Researchers combine art, imaging to better understand the brain

A team of researchers from Auburn University in Alabama believe art classes can have a meaningful impact on the brain—and the may lead to deeper understanding of cognitive conditions such as depression.

Barb Bondy, an Auburn University art professor, and Jeffrey Katz, a psychology professor, recently received a $90,000 grant from the National Endowment for the Arts (NEA) to build on previous work analyzing how drawing alters the physical, behavioral and neural effects in brain plasticity, according to an Opelika-Auburn News report.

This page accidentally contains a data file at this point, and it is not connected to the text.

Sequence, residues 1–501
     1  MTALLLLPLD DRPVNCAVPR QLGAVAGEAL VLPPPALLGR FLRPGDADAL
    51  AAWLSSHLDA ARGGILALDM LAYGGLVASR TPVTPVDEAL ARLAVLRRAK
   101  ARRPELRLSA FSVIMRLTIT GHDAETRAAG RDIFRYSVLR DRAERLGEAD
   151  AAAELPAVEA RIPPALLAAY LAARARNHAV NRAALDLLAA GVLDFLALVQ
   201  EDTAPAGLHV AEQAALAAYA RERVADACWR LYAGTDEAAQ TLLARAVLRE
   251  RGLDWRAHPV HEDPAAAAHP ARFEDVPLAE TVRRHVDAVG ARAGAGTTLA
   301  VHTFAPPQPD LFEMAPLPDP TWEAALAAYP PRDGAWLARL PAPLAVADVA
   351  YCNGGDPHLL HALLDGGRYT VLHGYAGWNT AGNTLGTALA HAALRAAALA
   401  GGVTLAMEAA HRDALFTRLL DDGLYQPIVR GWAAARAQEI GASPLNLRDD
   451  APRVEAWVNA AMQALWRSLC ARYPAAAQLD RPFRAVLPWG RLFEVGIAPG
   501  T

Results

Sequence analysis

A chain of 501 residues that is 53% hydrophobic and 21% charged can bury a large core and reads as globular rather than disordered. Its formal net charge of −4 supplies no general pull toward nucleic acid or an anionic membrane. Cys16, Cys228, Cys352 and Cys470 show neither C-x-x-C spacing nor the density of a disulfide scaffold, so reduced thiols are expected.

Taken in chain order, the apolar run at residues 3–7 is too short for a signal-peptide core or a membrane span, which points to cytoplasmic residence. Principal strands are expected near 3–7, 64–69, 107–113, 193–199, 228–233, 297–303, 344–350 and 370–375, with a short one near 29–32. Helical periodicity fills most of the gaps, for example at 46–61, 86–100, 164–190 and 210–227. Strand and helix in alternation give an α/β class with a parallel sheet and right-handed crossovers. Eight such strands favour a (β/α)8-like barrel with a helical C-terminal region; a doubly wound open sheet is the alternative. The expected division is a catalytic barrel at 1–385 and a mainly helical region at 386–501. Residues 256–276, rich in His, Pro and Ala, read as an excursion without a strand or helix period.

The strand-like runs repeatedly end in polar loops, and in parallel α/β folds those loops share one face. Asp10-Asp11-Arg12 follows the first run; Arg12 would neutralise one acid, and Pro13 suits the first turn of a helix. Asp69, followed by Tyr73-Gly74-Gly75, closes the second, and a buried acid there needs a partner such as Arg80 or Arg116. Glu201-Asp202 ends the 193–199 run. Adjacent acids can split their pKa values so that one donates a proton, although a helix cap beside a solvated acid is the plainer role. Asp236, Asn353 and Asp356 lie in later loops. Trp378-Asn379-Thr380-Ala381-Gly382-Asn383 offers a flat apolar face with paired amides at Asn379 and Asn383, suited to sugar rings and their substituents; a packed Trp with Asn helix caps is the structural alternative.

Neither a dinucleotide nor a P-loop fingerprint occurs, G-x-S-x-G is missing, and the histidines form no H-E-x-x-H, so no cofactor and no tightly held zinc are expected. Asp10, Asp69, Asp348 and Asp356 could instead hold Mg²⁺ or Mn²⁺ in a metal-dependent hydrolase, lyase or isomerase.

The project will enroll 20 participants in a beginner drawing class and 20 others in a control group over a 15-week period. All involved will undergo MRI scans at the start and end of the semester.

Researchers will also use functional MRI to visualize the brain when participants are not involved in a task. Additionally, the pair will use diffusion tensor imaging to measure any changes in brain connection from the beginning to the end of the project.

“Jeff and I talked and thought if we can detect neuroplasticity then the novel aspect of this research could also address the application of that possibly as an intervention for other purposes, like cognitive impairment even depression or other situations that perhaps neuroplasticity could serve as an intervention,” Bondy said. “So, drawing classes could be beneficial to art and non-art majors. So, we’re in the ground work to see if this is a possibility.”

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